Orange

Contents

Description

The famous orange fruit is loved by many not only for its taste. Orange has many useful properties known to traditional medicine. We will learn how to eat fruit correctly, and who needs to treat it with caution.

The history of the orange

Orange is the most famous and widespread citrus. The fruits grow on an evergreen tree. Orange flowers are large, pleasantly smelling, they are collected for tea or sachets. According to some botanists’ assumptions, an orange may be a hybrid of a pomelo and a mandarin.

The original orange tree looked very different. It was low, covered with thorns and had a bitter-sour fruit. They were not eaten, but trees began to be cultivated because of the beautiful bright color of the fruits. It happened in China in 2300 BC. Gradually, the Chinese crossed trees with the brightest and sweetest fruits, and got new varieties.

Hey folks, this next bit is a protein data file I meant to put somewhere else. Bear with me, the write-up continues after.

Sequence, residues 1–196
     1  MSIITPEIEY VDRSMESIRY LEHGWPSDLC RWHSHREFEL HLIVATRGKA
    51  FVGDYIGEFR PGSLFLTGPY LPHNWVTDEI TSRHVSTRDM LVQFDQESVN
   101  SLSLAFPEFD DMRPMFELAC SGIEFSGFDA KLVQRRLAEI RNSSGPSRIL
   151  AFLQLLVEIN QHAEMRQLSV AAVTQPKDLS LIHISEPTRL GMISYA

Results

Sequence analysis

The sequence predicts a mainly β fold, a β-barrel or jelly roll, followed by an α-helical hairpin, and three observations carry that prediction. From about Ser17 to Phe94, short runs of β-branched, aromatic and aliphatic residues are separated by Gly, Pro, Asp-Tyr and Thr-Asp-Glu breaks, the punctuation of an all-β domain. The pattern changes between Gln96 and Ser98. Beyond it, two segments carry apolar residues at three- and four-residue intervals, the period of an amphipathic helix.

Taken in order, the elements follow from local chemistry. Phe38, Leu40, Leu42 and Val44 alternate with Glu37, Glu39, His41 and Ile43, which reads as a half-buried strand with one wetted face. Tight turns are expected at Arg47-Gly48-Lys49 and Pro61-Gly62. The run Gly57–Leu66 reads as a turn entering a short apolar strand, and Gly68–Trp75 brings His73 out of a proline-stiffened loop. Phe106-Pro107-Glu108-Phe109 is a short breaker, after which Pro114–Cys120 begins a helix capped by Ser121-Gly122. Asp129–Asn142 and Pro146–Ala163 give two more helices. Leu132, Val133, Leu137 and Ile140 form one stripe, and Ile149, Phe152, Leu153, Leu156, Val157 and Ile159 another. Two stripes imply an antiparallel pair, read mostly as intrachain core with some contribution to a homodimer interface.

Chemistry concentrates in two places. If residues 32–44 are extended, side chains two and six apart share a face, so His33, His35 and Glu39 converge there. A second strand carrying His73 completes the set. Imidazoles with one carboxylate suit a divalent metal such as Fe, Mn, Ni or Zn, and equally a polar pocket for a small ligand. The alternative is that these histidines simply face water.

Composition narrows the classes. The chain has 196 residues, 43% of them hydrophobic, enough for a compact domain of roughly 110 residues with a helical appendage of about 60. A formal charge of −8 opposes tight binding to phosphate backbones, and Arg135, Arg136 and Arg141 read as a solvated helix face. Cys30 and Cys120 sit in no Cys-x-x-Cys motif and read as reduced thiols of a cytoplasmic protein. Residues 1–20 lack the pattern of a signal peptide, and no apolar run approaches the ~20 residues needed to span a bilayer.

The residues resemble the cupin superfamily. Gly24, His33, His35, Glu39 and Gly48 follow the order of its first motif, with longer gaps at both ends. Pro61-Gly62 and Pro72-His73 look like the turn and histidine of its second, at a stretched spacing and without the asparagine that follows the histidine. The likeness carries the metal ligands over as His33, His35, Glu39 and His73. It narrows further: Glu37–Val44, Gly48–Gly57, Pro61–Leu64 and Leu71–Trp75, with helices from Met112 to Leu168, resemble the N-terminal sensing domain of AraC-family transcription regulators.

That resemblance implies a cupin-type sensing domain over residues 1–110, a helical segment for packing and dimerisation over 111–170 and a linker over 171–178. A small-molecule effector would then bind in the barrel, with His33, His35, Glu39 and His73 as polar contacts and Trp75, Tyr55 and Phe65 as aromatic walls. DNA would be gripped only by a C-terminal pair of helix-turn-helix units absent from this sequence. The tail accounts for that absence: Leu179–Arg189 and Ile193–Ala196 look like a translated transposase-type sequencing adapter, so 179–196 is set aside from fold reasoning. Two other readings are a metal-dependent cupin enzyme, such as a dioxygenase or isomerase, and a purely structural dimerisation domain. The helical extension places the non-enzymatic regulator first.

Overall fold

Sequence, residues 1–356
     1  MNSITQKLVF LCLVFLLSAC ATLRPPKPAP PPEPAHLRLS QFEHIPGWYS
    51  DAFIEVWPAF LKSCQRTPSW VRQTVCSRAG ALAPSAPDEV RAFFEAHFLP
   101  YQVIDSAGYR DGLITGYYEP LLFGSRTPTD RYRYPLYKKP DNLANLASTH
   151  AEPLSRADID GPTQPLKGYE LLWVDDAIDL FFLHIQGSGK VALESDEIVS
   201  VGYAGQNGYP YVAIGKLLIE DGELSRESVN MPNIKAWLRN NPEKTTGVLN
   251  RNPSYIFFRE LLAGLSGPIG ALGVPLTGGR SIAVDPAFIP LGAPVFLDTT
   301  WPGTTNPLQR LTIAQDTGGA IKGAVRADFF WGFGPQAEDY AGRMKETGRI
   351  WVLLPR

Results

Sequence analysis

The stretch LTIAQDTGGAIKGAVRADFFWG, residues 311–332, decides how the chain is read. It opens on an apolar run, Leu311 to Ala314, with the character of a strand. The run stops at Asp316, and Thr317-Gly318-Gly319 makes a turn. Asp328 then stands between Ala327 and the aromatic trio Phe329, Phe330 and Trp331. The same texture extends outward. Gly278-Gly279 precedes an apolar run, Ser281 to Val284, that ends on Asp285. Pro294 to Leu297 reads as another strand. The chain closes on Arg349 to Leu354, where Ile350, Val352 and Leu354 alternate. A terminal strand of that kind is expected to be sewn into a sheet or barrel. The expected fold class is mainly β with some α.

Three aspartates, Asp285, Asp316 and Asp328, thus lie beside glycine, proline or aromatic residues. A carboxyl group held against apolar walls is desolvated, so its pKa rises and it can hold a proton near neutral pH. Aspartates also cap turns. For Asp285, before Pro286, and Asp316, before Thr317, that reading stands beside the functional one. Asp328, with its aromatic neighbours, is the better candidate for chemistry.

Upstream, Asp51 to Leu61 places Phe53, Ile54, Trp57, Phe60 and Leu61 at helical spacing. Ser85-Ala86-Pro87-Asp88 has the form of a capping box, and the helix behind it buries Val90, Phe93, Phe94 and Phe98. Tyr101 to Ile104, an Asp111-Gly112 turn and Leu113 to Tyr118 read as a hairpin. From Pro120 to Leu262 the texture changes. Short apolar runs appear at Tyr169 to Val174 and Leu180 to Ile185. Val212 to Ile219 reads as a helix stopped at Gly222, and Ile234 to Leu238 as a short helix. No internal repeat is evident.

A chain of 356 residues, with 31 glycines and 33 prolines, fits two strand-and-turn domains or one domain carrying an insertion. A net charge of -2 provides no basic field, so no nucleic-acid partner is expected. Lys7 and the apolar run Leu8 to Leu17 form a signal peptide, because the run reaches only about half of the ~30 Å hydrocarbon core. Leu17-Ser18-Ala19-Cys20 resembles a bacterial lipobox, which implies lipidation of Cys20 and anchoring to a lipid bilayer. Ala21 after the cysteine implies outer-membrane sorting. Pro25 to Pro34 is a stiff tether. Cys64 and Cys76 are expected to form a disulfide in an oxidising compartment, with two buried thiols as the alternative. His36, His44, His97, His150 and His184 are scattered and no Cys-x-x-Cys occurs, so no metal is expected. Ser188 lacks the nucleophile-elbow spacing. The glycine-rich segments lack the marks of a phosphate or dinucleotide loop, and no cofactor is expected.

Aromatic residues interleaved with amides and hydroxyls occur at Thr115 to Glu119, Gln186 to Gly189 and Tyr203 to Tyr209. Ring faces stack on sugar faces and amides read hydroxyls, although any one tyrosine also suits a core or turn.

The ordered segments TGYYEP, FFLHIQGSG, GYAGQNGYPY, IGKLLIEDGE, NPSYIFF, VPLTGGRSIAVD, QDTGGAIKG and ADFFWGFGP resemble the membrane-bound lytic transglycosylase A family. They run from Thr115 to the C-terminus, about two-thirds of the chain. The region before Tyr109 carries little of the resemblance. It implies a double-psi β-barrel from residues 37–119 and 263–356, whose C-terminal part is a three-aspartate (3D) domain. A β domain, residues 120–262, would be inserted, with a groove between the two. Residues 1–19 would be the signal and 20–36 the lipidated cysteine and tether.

In Europe, the orange was recognized only in the 15th century. Everyone appreciated the unusual and beautiful fruit, and made attempts to grow the tree in the new climate. For this, it was necessary to build special greenhouses that protect the overseas fruit from the cold. They were called greenhouses (from the word orange – “orange”).

We borrowed the Russian name “orange” from the Dutch. They called it “appelsien” – which literally translates as “apple from China.”

The main suppliers of oranges are still countries with hot tropical and subtropical climates: India, China, Brazil, and the warm states of America. In countries with cold climates, oranges can only be grown in greenhouses, as the trees freeze outdoors.

The composition and calorie content

Orange
  • Caloric content 43 kcal
  • Proteins 0.9 g
  • Fat 0.2 g
  • Carbohydrates 8.1 g